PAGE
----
Nelio comes from a graphic design and classic graffiti background, producing a geomteric style similar to the Constructivist and Suprematist aesthetic. He favours street painting to producing in a workshop, especially abandoned spaces, in which he creates site-specific work that draws out the architectural shapes, textures and ambiances to form the narrative, transforming these spaces into places. Here, he explains to Streetartparis.fr his artistic development and different techniques for developing new work.
While the United Nations climate conference, COP21, has been going on here in Paris, London-based artist and muralist, Louis Masai, has been here painting coral hearts inside Montparnasse station and on walls in the 11th and 10th arrondissements. We've been out in the streets with Louis finding out about his artistic intention.
If you’ve already ventured into Belleville, in the 20th arrondissement of Paris, you can be sure you’ve walked past one of Philippe Hérard’s “gugusses”. The French artist has been based in this French quartier – home to Edith Piaf and Maurice Chevalier – for the past 25 years, and has kindly received us into his atelier, for an interview and coffee.
Spanish mural artist David de la Mano’s newest commission finds itself in the heart of Paris 13th arrondissement. This building-sized work on rue Jenner near Nationale portrays dancing half-humans that create a massive human profile. Known for his figurative monochromatic silhouettes, the street artist often explores themes of nature and humanity. In our interview with David de la Mano he explains his poetic imagery and his mentality of staying present.
The Pont des Arts, connecting the Louvre to Rive Gauche of Paris, once carried the weight of hundreds of thousands of lovers. Once upon a time couples would latch a lock manifesting their love, engraved with their initials to the bridge and throw away the key, immortalizing their relationship by the Seine in Paris, the city of Love. Controversially Paris and the mayor were moved to dismantle some 45 tons of iron from the bridge’s railings for fear of its collapse, but with many couples infuriated, Paris needed to find some solution to their burdensome problem. Once the romantic padlocked bridge today has been transformed into a public gallery for street art.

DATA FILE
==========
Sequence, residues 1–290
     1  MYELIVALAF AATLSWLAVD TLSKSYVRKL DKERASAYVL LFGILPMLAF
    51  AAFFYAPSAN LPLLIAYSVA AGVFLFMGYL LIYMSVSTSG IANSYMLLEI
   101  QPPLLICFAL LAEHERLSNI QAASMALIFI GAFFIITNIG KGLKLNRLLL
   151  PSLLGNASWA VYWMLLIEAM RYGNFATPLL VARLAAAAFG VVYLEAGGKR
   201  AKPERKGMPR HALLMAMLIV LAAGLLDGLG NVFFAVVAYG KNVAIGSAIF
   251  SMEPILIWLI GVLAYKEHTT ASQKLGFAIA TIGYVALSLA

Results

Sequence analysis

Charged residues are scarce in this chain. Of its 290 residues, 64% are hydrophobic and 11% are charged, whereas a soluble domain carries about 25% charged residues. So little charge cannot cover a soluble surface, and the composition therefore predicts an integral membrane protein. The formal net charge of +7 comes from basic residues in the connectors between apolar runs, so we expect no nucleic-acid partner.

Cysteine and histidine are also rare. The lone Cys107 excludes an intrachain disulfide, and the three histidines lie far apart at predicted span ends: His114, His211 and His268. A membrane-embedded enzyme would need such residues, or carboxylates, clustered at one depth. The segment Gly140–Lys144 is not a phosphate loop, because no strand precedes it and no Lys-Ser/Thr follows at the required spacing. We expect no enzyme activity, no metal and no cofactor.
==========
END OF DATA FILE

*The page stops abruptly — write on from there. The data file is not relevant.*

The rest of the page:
Documentary of a three-metre high hoarding at Place de la République, painted by Parisian graffiti artists, juxtaposed with images of the politicised messages graffitied onto the Statue de la République, itself, accompanied by an interview with one of the invited artists - and veteran graffiti journalist - Nicolas Gzeley.
Since 2006, sheeps heads have been appearing on walls in the French city of Grenoble (and Las Vegas). Even though unsanctioned, strangely, the townhall doesn't want them removed. The artist explains here how his nom de plume is a pun on the superlative of "cheap", but also a play on the verb, être (to be), and a reference to the vulgar cheap products that we buy, which shape our lives.
Hazul Luzah is an artist whose work predominates on the streets of Porto, Portugal’s second city after Lisbon. He’s a self-taught graffiti writer, who has developed a style blending classic lettering, transformed into undecipherable, decorative calligraphic forms – which this interviewer mistook for Arabic calligraphy! – often mixed with imagery from nature. He describes his work as a “step-by-step” process, always building on his last work.
Born in the Lorraine region of East France, 27-year-old Levalet takes advantage of Paris' architecture, combining his knowledge of theatre and painting especially, with a keen eye for topography, to produce site-specific scenes painted with Indian ink. Here, he talks about what makes his work possible, his artistic background, the legality of making street art in Paris, and places he likes putting up work.
Christian Guémy voyage pour apporter son travail dans des environnements vierges et immaculés, c'est-à-dire dans des endroits non connus de la culture street art. Nous avons découvert qu’il était le premier à critiquer certains lieux comme New York ou Londres, mais c’est sa critique de sa propre ville, Paris, qui résonne vraiment. Appelé au Sri Lanka, nous savons maintenant ce qui guide cet artiste hors des sentiers battus.